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The measure of Trump’s presidency

By Dr. Peter Morici                                        
web posted January 2, 2017

Donald Trump must scale huge barriers to accomplish 3 to 4 percent economic growth. Sweeping measures must be implemented, and that will prove no mean task.

George W. Bush slashed personal income taxes without fundamentally altering corporate incentives to create tax dodges and offshore production. Barack Obama expanded entitlements — partially financed with higher taxes on Americans who invest and create jobs. Both relied on big deficits and accomplished only anemic growth.

House leaders are working on corporate tax reform that will close loopholes, lower rates to internationally competitive levels and shift part of the tax burden onto imports. It has a decent chance of winning enough bipartisan support in the Senate but much more needs to be done.

Trade deficits with China and on oil directly subtract $500 billion annually from the demand for American made goods and services, kill millions of jobs and stifle R&D.

Confronting China on trade with a 45 percent tariff, alone, won’t get Beijing to stop undervaluing its currency, subsidizing exports and cease blocking market access for American-made goods and services. It can push back by harassing U.S. companies with operations in China and imposing new barriers on U.S. products, and more broadly by squeezing Taiwan, upping the ante on militarization of the South China Sea and further enabling North Korea.

Mr. Trump must gird for a broad crisis with China, deploy the full range of America’s geopolitical and economic assets and compel Beijing to reckon with the fact that their shaky economy cannot withstand an all front confrontation with the United States without risking the Communist Party’s grip on power.

Energy and Interior Departments committed to opening up drilling in the eastern Gulf and off the Atlantic and Pacific Coasts — and ending the endless federal harassment of shale producers — could make America energy independent. However, as with many other issues, the lack of 60 Republican votes in the Senate will require guerrilla warfare to accomplish the results American voters deserve for awarding Trump the presidency.

On the supply side, it’s a lot more expensive to start a business and make things in America than in the 1980s and ‘90s, because of the growth of the regulatory state. Just compliance with labor market, health care, financial, environmental regulations and the like require hundreds of thousands of employees and cost businesses billions of dollars.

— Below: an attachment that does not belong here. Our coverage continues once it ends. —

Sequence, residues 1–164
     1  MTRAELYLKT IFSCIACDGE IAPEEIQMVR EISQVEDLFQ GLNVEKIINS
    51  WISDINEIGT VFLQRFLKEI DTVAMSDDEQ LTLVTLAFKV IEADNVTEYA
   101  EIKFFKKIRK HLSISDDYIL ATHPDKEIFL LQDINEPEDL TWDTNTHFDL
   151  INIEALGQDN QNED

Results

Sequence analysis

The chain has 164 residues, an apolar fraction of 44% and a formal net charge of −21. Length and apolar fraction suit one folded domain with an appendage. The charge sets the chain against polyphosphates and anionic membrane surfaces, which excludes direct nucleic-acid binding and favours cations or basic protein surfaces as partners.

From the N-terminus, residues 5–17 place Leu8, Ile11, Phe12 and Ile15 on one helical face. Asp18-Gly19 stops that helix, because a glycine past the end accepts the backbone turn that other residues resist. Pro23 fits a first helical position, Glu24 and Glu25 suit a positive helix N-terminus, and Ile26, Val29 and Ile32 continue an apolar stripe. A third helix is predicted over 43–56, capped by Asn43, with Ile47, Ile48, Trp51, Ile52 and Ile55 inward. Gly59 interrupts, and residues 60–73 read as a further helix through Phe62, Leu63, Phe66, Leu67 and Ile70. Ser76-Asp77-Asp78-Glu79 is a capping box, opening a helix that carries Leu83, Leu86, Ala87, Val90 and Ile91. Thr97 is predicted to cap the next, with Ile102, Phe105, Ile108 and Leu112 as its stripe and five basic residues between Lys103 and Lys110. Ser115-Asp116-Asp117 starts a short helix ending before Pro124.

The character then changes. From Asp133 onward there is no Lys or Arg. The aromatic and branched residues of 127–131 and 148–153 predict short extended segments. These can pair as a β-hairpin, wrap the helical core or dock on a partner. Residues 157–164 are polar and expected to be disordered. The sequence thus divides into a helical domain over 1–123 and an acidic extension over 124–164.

Imposing an efficacy test on regulations — requiring just what is absolutely needed to accomplish legitimate goals for protecting workers, the environment, consumers and financial stability, and then jettisoning the rest — should be the overarching objective as Mr. Trump’s Cabinet goes to work at Labor, EPA, Treasury and elsewhere in the far flung federal regulatory apparatus.

A good deal of what President Obama imposed was by fiat — executive orders that can now be repealed. However, he also imposed overly aggressive and burdensome regulations established under statutes, and those are more difficult and time consuming to nix.

Just as the law required the Obama administration to publish and take public comment on proposed regulations before imposing new rules — and then endure legal challenges from businesses and Republican state officials — the Trump administration will have to repeat those steps and face litigation from environmental groups, labor unions and Democratic governors.

All can be axed or reshaped by congress but the Trump administration can expect a pitched battle from progressive Senate Democrats dedicated to remaking the American economy in the low-growth, high unemployment model of continental Europe.

After losing the presidential election, muffing the opportunity to capture the Senate and managing to hold only 18 state governorships — not to mention their minority standing in the House and most state legislatures — we likely won’t be hearing Mr. Obama pontificating on the sidelines that elections have consequences. Instead, we can expect the only remaining consequential Democrats — those who can filibuster against the popular will in the Senate — to rely on the 60-vote rule to try to run out the clock until the 2020 presidential elections.

In the end, Republicans in congress may have to resort to a grand budget reconciliation bill to push through a panoply of reforms, and Trump will have to marshal public support for radical measures to overcome a barrage of criticism and protests from liberal politicians and the media.

Bigger than his vision and knack for picking competent executives will be his salesmanship.

America’s first dealmaker is not a man inclined to small deeds, and these will be the measure of his presidency. ESR

Peter Morici is an economist and business professor at the University of Maryland, and a national columnist.






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